South Volley’s Rally for Research: A Community Comes Together

Team members sit on the school bleachers in a breast cancer ribbon formation.

For the girl’s volleyball program at Central Bucks High School South, the annual Dig Pink game is a community affair. The team has a long history with Dig Pink and has been involved for over eight years. This year, however, was special. Not only did the team raise $2,000 for The Side-Out Foundation’s life-changing research, but the girls were able to get hands-on experience with teamwork, leadership, and local outreach. 

Central Bucks High School South has a long-standing tradition of working together with Dig Pink sister school Pennridge High School to raise money for The Side-Out Foundation’s cause. The schools take turns hosting, and this year it was South’s turn to host. Dig Pink coordinators from each team reach out to each other early in the season to start planning the perfect event. It’s coordinated down to the t-shirt color, with the home team wearing dark pink and visitors in light pink.


Coach Kurt Godfrey is proud of the girls and how hard they all worked to make the event a success.

Parent organizer Patty Dallmer commented that “by having a friendly collaboration, each team gets the sense that they are working together for a common goal… It teaches the girls that even though they are opponents on the volleyball court, they can work together to successfully raise money for The Side-Out Foundation.” 

Both teams sit on the bleachers for a picture before the match.

Another big part of Central Bucks South’s Dig Pink event is its raffle. The raffle, just like the rest of the event, is in partnership with Pennridge High School. Collaboration with Pennridge also brought in an anonymous $5,000 donation. This year, a senior captain took charge of organizing the girls into mixed-grade-level groups to work on creating a raffle basket. Each group had a captain to coordinate the contents of the basket. Breaking up in teams was an efficient exercise in team-building.

Dallmer stated, “I felt this brought the girls closer together to work towards a common goal.” She went on to speak on the power of small actions with a greater purpose, saying “Each of the girls brought a small donation in but when all of the donations are put together, it makes for beautiful baskets.”

The raffle baskets ranged in themes, from “Chocolate Lovers” to “Philly Sports Teams” to “Movie Night”. Team members also had the unique opportunity to visit local businesses to collect raffle donations. These generously donated prizes included a full car detailing, a photography session, crafts from local artists, and volleyball lessons. Thanks to the two teams’ hard work, there were a total of 47 baskets for the raffle. In addition, the girls sold “South Volleys for a Cure” t-shirts during school lunches prior to the game to raise even more for Side-Out.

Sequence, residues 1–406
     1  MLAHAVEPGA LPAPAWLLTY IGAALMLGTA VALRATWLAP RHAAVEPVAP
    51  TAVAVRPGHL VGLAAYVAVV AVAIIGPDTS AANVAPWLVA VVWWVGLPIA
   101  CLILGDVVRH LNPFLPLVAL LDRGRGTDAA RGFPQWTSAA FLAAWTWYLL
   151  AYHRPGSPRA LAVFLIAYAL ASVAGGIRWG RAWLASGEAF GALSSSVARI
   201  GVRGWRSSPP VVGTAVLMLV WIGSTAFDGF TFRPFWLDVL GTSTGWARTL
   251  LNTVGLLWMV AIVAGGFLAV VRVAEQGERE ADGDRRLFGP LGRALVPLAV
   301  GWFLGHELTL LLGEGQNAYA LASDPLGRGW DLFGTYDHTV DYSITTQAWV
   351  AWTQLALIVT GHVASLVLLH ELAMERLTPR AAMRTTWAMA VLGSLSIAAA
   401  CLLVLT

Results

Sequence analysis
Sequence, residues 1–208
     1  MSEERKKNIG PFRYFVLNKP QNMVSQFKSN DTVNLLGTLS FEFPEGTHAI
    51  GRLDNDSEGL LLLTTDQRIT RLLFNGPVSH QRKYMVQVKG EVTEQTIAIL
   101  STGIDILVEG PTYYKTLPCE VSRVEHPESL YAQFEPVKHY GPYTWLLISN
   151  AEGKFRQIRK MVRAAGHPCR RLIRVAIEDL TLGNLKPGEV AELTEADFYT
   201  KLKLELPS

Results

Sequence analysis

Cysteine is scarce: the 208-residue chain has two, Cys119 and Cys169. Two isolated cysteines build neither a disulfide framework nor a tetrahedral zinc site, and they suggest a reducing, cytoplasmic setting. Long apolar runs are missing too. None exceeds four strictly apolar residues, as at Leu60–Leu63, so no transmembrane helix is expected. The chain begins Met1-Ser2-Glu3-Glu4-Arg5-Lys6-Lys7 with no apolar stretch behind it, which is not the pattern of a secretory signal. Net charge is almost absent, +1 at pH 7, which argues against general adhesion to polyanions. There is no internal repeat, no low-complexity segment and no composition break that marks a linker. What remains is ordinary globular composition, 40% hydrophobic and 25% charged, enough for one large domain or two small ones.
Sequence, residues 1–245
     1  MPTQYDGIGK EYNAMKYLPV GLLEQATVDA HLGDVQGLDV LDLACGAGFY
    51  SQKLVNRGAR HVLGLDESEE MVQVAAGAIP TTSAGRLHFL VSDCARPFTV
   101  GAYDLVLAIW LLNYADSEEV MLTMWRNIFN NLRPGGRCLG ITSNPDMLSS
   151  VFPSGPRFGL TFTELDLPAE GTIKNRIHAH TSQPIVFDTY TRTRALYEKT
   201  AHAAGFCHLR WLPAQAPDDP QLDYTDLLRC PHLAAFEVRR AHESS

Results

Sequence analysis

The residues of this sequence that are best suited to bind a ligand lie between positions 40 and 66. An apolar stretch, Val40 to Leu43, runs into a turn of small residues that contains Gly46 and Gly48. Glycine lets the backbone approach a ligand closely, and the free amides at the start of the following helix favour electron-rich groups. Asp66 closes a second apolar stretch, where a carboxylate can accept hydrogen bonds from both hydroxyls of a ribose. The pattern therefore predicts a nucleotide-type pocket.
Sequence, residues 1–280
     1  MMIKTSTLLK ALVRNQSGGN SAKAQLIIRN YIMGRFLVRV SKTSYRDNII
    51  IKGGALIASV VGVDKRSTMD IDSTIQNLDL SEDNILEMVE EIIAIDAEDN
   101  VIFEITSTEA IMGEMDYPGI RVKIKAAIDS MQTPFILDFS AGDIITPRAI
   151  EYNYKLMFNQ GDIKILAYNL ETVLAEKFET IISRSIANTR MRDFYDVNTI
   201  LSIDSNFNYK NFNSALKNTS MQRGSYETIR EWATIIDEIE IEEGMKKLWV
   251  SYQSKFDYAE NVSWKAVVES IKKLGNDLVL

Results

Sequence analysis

Players pose together on court during warmups.

Support for Dig Pink at Central Bucks High School South this year was overwhelming. Many students and parents got involved and stepped up to help collect donations, put baskets together, and decorate the gymnasium. The event is something to be proud of because it’s uniquely theirs. Dallmer has a long list of individuals who stood out for their commitment to the cause, including Katie Canzanese, Meghan Choromanski, Mckenna Clow, Olivia Dallmer, Katie Manibo, Morgan Nash, Courtney Pohl, Shayne Prudish, Shannon Rector, Nora Romano, Ashley Scott, and Lizzie Shirley. 


They know they are helping those in need with this disease.

When asked what she hopes the girls learned from hosting their Dig Pink event, Dallmer said “I believe that as the girls become juniors and seniors, they realize that this match has a much bigger meaning. They learn that we are helping those who are in their most vulnerable state as they battle breast cancer.” The team’s involvement with Dig Pink offers tremendous opportunities for personal growth, both on and off the court.

Both teams pose together on the middle of the court.

Dallmer dedicates her continued commitment Dig Pink success to two mothers of past team members who battled with breast cancer who were instrumental to Dig Pink in previous years. 

Central Bucks High School South is an example of what Dig Pink is all about: a community coming together for a shared cause. It starts internally, uniting the team under a common goal. Hard work is a bonding experience. Partnering with the opposing team is also a huge benefit, as fostering friendships and letting players get hands-on collaboration experience is impactful. The final piece of the Dig Pink puzzle is inviting the rest of the community, from parents and friends to local businesses, to rally together for a cause.

It’s about more than volleyball. 



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